I have mentioned elsewhere that I hand lay my trackwork, and so this layout would be the same. This plan does have it's drawbacks as I need to build the trackwork to be as reliable as possible and of course robust to enable it to be transported around. The track will also be DCC, so that the simple trackwork benifits by moving more than one loco in an area at a time, without alot of blocks and switches.
The rollingstock will be steam era, witha bit of pre 1950 stuff about. I think that the time period is probably still broad at this stage say 1940-1970, this may change as I move forward, we'll see. This means that early diesels may also make an appearance.
I went over the layout plan, more formally this time and realised that the track plan would not work in the space I've allowed. The decision then changed the size of the modules, and adjust the plan. It is now more definitely designed to be operated from two sides, enabling variation for the operators as well as being something a bit different. The actual trackwork is very close to this design, and the wheat sheds are gone, replaced bya larger livestock loading area. Each module is now 600mm deep not 400, it works better giving larger radius curves.
This'll be enough for today, unfortunately my typing is still rubbish!

Tuesday, January 13, 2009

NSWGR Handlaid Trackwork-pt 2 Construction

Over a period of a couple of years I've had a go at point construction. I follow the trackwork of NSWGR and all that that encompasses. The materials and jigs and bits are few. Canite to hold the turnout plan, and mapping pins and T-pins to hold all in place. Here's a photo to show you what I mean.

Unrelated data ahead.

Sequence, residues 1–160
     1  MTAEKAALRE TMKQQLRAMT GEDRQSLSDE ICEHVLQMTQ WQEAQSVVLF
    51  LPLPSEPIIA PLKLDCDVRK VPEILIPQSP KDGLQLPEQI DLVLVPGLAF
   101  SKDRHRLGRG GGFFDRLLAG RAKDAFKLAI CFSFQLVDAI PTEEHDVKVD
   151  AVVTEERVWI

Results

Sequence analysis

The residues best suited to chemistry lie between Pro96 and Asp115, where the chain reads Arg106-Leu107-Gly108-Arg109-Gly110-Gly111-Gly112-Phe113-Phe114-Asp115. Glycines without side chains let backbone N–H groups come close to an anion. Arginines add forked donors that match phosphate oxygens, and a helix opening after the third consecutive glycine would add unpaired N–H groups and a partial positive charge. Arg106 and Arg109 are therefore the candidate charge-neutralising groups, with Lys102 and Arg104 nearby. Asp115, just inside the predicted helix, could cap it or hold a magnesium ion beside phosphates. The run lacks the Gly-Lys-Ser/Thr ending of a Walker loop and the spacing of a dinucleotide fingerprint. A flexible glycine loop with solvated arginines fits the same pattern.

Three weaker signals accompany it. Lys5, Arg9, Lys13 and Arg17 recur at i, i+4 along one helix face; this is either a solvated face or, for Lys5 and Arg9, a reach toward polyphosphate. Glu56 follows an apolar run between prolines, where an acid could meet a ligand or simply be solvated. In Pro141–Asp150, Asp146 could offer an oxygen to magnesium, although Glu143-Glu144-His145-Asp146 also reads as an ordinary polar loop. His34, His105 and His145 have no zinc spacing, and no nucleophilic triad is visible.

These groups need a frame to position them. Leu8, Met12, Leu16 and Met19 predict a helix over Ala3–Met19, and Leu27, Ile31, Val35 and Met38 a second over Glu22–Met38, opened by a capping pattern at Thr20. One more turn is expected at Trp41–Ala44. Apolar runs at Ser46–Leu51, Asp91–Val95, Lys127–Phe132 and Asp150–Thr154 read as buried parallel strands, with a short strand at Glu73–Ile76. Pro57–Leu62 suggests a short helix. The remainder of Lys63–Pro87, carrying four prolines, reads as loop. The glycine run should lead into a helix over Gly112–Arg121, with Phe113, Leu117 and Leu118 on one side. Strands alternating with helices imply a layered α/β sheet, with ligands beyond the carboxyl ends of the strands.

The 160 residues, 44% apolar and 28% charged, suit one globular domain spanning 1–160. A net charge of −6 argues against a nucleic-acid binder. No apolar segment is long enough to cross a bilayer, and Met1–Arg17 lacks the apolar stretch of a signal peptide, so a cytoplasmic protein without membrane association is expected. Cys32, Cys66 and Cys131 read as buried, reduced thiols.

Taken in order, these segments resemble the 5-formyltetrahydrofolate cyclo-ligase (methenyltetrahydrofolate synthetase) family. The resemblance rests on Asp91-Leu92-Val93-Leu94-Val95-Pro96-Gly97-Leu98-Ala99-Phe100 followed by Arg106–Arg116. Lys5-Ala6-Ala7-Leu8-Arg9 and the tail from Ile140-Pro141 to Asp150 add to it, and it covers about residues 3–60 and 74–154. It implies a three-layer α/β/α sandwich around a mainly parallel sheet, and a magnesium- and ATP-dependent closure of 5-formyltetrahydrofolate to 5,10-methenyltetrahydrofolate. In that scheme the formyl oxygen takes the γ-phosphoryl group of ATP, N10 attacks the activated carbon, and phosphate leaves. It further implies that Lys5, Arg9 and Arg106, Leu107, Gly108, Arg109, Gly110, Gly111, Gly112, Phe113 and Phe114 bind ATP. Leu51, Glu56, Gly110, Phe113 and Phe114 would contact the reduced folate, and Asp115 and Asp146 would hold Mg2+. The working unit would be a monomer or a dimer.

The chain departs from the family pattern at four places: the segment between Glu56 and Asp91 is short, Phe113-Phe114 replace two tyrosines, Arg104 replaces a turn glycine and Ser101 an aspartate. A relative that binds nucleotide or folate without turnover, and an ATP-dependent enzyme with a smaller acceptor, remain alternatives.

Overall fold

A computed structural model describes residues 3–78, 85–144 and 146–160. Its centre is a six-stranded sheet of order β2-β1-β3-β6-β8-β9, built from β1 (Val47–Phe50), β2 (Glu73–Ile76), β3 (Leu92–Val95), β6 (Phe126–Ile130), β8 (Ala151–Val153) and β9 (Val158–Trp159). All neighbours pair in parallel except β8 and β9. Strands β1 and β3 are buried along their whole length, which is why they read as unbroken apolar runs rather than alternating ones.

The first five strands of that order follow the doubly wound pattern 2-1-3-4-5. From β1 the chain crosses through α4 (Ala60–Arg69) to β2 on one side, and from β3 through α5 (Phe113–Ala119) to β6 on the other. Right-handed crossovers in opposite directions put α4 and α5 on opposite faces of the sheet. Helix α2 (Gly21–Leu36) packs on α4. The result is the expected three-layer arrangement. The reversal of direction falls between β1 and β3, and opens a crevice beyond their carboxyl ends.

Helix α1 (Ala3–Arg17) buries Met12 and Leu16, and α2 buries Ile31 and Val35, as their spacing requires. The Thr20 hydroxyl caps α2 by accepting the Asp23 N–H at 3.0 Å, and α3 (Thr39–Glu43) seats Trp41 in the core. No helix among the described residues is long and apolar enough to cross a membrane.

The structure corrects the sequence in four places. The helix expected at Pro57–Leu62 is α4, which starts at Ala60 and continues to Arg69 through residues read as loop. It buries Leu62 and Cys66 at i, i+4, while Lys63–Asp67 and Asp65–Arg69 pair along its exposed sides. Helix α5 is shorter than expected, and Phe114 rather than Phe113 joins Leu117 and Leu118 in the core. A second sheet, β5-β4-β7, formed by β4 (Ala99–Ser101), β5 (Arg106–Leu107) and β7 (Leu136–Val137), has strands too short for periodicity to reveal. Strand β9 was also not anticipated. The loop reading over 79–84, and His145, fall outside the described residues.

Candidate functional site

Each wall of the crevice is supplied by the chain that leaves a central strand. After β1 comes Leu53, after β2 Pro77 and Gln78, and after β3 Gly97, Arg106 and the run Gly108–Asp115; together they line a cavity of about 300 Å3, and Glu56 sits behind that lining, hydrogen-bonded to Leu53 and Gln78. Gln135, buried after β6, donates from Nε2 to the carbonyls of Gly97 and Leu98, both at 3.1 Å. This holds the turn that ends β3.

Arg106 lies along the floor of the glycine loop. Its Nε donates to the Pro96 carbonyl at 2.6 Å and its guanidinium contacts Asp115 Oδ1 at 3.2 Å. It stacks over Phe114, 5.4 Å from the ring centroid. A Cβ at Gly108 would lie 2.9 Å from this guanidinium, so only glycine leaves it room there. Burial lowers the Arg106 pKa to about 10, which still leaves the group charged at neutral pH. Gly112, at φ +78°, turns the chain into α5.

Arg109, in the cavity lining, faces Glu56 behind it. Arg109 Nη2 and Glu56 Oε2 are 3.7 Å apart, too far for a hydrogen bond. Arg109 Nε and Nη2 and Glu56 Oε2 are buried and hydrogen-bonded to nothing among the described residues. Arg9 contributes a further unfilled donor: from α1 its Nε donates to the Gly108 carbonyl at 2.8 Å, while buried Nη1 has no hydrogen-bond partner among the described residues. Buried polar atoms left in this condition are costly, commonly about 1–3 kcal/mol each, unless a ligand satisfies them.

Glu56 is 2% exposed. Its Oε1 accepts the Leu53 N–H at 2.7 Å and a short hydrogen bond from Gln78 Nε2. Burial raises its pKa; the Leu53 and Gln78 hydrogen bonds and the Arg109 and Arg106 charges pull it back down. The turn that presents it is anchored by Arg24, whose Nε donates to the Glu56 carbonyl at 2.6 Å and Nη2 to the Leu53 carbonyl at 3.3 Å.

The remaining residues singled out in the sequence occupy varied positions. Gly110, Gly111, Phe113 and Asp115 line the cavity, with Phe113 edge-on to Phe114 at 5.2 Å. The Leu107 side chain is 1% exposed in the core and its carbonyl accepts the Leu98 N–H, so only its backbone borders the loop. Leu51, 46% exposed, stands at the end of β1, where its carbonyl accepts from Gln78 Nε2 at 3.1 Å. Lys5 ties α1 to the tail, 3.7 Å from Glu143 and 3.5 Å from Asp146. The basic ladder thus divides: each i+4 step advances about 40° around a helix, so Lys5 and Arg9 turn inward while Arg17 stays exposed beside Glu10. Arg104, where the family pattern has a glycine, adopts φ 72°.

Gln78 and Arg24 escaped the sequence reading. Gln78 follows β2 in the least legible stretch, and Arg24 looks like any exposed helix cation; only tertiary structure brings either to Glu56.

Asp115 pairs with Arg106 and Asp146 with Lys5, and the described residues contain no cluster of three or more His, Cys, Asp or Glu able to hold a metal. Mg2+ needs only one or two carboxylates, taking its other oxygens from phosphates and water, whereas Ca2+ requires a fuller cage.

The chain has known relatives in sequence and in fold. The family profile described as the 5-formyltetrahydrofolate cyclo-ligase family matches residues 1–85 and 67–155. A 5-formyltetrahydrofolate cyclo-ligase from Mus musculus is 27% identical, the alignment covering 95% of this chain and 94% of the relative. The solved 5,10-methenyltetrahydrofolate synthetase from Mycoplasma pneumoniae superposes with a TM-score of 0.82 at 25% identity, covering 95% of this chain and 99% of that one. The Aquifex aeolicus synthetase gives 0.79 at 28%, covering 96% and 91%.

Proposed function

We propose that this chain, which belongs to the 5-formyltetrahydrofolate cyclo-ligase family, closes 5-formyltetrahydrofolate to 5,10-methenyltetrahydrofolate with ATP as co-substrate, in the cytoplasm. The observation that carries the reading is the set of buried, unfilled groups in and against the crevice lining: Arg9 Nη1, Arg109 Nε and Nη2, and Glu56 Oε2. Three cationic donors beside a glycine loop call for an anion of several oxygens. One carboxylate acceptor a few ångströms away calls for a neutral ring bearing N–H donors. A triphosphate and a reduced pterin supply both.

I've squeezed a RH & LH plan onto the piece of canite so that I've just got one piece of wood to find on the 'tidy' workspace, when I need to build a turnout. The mapping pins are sold everywhere, even at Woolies, and the T-pins are from a hobby shop, and are used in model aeroplane construction. I use a combination of both, with T-pins in the spots that will get a bit warm with the soldering iron.

I use a Tricky Dicky Temp controlled iron, as I've got a brass kit to construct. I should probably state here and now, that kit and scratchbuilding is my preference, and I am biased that way. So don't expect a balanced opinion from me in relation to RTR. I think the RTR products are great, but they will be a small part of my rollingstock, as I enjoy the construction of a MODEL railway.

OK, that's all clear now. So I use a great solder flux too, for use with electrical wiring, in that it is non corrosive and does not need rinsing. Available from Gwydir Valley models, (hope that's how you spell it) Warren has a great mail order business, that sells alot of the scratchbuilding stuff I use. It's great for layout wiring., how many of you have seen corroded solder joins on your layout?

The sleepers are clover house from GVM also. I use alot around the frog area as I'm a bit wary of this area being prone to being out of gauge. As you'll see too the quantity of pc sleeper enable a stable isolation cut to be put in beside the frog (more on that bit later)